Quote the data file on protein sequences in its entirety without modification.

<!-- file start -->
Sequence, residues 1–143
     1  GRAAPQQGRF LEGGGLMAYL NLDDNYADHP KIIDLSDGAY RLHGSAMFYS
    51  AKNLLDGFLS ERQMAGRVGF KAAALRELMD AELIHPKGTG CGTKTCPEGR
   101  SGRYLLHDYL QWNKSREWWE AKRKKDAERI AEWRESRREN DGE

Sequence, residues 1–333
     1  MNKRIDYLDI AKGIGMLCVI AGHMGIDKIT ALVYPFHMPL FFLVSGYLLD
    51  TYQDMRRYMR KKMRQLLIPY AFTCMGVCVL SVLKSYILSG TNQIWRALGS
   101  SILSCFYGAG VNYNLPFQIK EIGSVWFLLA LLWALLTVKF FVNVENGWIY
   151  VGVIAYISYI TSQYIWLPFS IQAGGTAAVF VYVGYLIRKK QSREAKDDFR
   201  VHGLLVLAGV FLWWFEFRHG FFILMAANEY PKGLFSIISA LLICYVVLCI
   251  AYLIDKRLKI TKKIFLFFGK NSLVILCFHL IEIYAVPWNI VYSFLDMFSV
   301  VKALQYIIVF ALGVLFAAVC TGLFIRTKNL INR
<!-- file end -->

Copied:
Sequence, residues 1–143
     1  GRAAPQQGRF LEGGGLMAYL NLDDNYADHP KIIDLSDGAY RLHGSAMFYS
    51  AKNLLDGFLS ERQMAGRVGF KAAALRELMD AELIHPKGTG CGTKTCPEGR
   101  SGRYLLHDYL QWNKSREWWE AKRKKDAERI AEWRESRREN DGE

Sequence, residues 1–333
     1  MNKRIDYLDI AKGIGMLCVI AGHMGIDKIT ALVYPFHMPL FFLVSGYLLD
    51  TYQDMRRYMR KKMRQLLIPY AFTCMGVCVL SVLKSYILSG TNQIWRALGS
   101  SILSCFYGAG VNYNLPFQIK EIGSVWFLLA LLWALLTVKF FVNVENGWIY
   151  VGVIAYISYI TSQYIWLPFS IQAGGTAAVF VYVGYLIRKK QSREAKDDFR
   201  VHGLLVLAGV FLWWFEFRHG FFILMAANEY PKGLFSIISA LLICYVVLCI
   251  AYLIDKRLKI TKKIFLFFGK NSLVILCFHL IEIYAVPWNI VYSFLDMFSV
   301  VKALQYIIVF ALGVLFAAVC TGLFIRTKNL INR